Antibody fragments were, alternatively, produced using the following method. Intact antibody, prepared as described above, were dialyzed overnight at approximately 4° C. against 0.2M sodium chloride, 0.2M acetate, pH 4.0, after which freshly prepared pepsin (1 mg/ml) was added in an amount equal to approximately 2% of the antibody's weight. The resulting solution was then incubated at about 37° C. for 12 to 24 hours. Digestion was stopped by dialyzing the solution against Phosphate Buffered Saline (PBS), pH 7.4. Analysis by polyacrylamide gel electrophoresis indicated that the digestion was essentially complete.
The resulting F(ab')2 fragment of the 7E3 monoclonal antibody can then be purified by chromatography on a material such as Protein A Sepharose CL-4B or DE-52 in order to be certain that any remaining traces of the whole 7E3 monoclonal antibody are removed.
Platelet aggregation and 125 I-7E3 binding studies were performed as described by Coller, B. S. et al. (Blood 66:1456-1459 (1986)). The number of F(ab')2 molecules-bound per platelet, in vivo, was estimated from the ex vivo binding of 125 I-7E3 to platelets, removed from dogs before and after the administration of the F(ab')2 fragments.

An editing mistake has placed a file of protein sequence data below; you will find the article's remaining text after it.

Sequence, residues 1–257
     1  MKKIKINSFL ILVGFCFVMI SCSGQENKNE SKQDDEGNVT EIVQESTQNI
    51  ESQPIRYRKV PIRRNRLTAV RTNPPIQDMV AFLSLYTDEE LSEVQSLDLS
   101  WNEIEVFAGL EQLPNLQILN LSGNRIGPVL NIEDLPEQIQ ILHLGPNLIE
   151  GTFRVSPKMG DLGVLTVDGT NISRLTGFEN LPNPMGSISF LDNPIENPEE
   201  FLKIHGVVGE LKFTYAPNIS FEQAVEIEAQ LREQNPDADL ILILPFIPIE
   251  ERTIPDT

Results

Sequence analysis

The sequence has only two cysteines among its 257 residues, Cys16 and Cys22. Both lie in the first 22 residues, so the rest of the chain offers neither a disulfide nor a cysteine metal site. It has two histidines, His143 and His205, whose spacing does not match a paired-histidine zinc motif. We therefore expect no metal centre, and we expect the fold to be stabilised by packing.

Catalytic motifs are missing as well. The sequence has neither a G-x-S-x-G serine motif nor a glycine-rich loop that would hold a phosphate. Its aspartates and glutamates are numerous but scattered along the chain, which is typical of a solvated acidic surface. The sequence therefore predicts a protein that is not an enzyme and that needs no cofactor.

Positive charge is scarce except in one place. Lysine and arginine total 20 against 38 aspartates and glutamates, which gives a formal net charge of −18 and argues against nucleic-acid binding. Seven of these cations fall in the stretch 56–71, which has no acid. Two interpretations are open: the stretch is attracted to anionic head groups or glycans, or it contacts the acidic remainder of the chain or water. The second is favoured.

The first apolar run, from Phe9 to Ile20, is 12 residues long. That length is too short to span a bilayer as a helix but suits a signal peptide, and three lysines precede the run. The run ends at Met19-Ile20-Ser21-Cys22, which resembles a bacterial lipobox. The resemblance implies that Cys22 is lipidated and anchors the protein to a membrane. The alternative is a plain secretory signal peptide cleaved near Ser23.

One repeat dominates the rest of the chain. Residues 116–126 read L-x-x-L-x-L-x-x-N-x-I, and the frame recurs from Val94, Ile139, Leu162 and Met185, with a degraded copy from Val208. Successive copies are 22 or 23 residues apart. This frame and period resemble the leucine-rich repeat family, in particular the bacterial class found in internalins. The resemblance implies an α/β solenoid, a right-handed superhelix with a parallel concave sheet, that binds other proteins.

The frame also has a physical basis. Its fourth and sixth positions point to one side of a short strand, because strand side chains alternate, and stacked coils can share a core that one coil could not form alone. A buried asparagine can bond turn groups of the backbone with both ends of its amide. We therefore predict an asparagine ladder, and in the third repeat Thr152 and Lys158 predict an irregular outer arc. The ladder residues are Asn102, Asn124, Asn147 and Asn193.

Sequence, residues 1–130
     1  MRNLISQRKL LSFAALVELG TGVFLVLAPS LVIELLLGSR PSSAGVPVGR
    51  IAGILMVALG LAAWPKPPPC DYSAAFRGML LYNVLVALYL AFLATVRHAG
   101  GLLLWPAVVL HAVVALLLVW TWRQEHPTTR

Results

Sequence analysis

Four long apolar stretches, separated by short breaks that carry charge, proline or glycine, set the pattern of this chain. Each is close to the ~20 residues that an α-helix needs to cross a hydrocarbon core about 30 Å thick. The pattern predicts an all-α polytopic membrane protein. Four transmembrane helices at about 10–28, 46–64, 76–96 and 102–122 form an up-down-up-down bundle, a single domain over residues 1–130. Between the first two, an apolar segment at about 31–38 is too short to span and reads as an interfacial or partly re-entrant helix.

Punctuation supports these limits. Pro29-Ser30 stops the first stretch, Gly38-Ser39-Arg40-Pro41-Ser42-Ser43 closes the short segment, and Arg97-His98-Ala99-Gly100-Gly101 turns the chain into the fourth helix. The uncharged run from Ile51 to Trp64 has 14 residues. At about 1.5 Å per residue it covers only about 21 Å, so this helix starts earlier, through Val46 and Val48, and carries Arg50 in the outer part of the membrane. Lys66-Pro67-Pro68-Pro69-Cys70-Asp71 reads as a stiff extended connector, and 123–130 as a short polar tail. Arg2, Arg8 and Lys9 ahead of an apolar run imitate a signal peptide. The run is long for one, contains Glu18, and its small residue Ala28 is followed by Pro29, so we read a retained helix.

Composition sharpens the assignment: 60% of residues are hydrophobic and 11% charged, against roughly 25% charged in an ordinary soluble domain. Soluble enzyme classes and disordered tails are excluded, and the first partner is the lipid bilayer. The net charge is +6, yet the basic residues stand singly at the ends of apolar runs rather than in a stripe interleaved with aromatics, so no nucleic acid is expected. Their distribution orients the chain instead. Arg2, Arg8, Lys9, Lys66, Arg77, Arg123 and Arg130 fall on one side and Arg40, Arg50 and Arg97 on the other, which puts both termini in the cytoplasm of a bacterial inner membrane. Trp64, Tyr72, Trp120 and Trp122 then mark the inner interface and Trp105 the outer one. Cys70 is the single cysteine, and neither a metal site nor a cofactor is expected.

Mongrel dogs weighing approximately 20-25 kg were anesthetized with a slow intravenous injection of sodium pentobarbital, intubated and placed on an artificial ventilator. A left thoracotomy was performed in the 5th-6th intercostal space, and an arterial catheter was placed in the internal mammary artery for blood pressure monitoring. Procainamide (1.5 g injected intramuscularly in 2-3 sites) was then provided, the pericardium was opened, and a pericardial cradle was prepared. The left anterior descending coronary artery was dissected out from the epicardium, side branches were ligated, and a 2.5 cm segment was isolated. An electromagnetic flow probe (Carolina Medical Electronics FM501, King, N.C.) was placed on the most proximal portion of the segment and intravenous lidocaine (15 mg bolus followed by a constant infusion at 1 mg/min) was infused. A control left coronary angiogram was performed by injecting approximately 2 ml of Renograffin 76, by hand, through a modified Judkin's 7 French catheter inserted from a carotid artery. 1 ml of blood was then removed and kept in a syringe for later use in forming the thrombus, and heparin (5000 U intravenous bolus) was administered. Additional 1000 U boluses of heparin were administered at hourly intervals. A permanent 2 mm wide constrictor was placed near the distal end of the segment and adjusted so as to reduce coronary artery blood flow to approximately 40±10% of control.